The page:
Written by Alli Hames
(reading time 1.5 minutes)
Growing up with artists for parents is a common enough beginning for most Salt Spring Island kids. Most of the families I knew growing up depended on art to earn their daily bread, but I often wondered why? Why so many artists in one place? What was the draw?
The first clue lies in the land and its original inhabitants.
Since ancient times this land has been home to the Coast Salish people, who held rich artistic traditions. Having abundant natural resources at their disposal year round, they enjoyed leisure time creating some of the world most ingenious and beautiful cultural art. This artistic tradition would fascinate newcomers and inspire them to create further artistic traditions. It is as though the land held a rare nutrient to encourage the growth of artistic genius in its inhabitants.
The second clue lies in a phenomenon know as “critical mass”.
The new inhabitants of the island were a little slow to start their creative endeavors, as they were greatly in need of food and roofs over their heads. The settlers had a mind to acquire these necessities in a very different manner than the Coast Salish people. From the 1850’s to the 1920’s the settlers chiefly occupied themselves with clearing the land, producing agriculture, building infrastructure as well as basic services. Then in the 1930’s Salt Spring Island was transformed into a destination and resort town for tourists and retirees. By the 1960’s many artisans of every description began to move to the island. These artists were drawn to the relaxed, rural tourist town, and saw it as fertile grounds to create art and sustain a living. It is at this juncture that Salt Spring redefined itself as a world class art epicenter.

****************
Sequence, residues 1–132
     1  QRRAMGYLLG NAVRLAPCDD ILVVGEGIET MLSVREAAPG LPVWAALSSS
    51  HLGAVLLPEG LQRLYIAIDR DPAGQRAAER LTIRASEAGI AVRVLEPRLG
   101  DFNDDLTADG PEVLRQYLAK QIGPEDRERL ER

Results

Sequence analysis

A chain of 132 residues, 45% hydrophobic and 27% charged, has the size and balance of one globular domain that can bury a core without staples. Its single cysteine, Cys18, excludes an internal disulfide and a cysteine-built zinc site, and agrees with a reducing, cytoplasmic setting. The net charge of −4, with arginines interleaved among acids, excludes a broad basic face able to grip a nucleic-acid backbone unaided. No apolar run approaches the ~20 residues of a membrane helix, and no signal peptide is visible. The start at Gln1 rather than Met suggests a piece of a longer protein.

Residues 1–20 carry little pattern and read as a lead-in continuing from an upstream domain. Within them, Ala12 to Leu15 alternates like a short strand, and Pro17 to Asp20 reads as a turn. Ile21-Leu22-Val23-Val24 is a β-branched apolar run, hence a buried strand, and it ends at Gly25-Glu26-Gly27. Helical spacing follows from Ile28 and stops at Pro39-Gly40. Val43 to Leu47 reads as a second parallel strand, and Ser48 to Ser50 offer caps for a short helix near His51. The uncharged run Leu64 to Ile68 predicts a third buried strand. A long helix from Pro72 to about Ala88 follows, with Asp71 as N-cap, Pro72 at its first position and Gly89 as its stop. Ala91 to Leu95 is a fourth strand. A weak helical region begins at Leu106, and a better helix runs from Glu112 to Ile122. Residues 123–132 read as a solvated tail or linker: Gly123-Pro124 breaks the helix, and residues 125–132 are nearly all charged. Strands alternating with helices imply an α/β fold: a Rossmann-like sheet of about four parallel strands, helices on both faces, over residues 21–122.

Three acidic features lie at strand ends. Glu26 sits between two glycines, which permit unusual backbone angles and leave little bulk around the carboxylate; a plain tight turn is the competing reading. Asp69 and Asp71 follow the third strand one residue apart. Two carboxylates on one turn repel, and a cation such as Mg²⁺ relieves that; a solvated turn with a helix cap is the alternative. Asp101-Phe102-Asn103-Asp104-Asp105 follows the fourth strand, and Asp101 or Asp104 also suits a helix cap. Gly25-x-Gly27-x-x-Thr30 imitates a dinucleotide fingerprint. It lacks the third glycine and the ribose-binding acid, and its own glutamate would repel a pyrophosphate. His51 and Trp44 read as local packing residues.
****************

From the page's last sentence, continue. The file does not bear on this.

These are the secrets behind Salt Spring Island's thriving artistic community. This land has a rich artistic heritage leading back into prehistoric times. Both the land the ancient inhabitants have inspired generations, fostering the creative community that is Salt Spring Island.
This year we decided that it was time for another makeover, and the flooring had become the elephant in the room. Employing our, “Go big or go home” philosophy, we decided that the carpet had to go.
If you ask around the gallery who’s idea it was originally to make
the leap to laminate, you will find it a point of prickly contention. Hint: It was Matt, because he’s the boss.
Finishing a painting is not like finishing a horse race. Usually no one, including the artist, knows for sure if its finished. There are no lords and ladies in fine dress to congratulate you, no big wreaths of flowers, no gold cup. Creating a painting is a lonely pursuit right to the end.
So with all this internalizing and loneliness how does an artist know if they have truly finished a work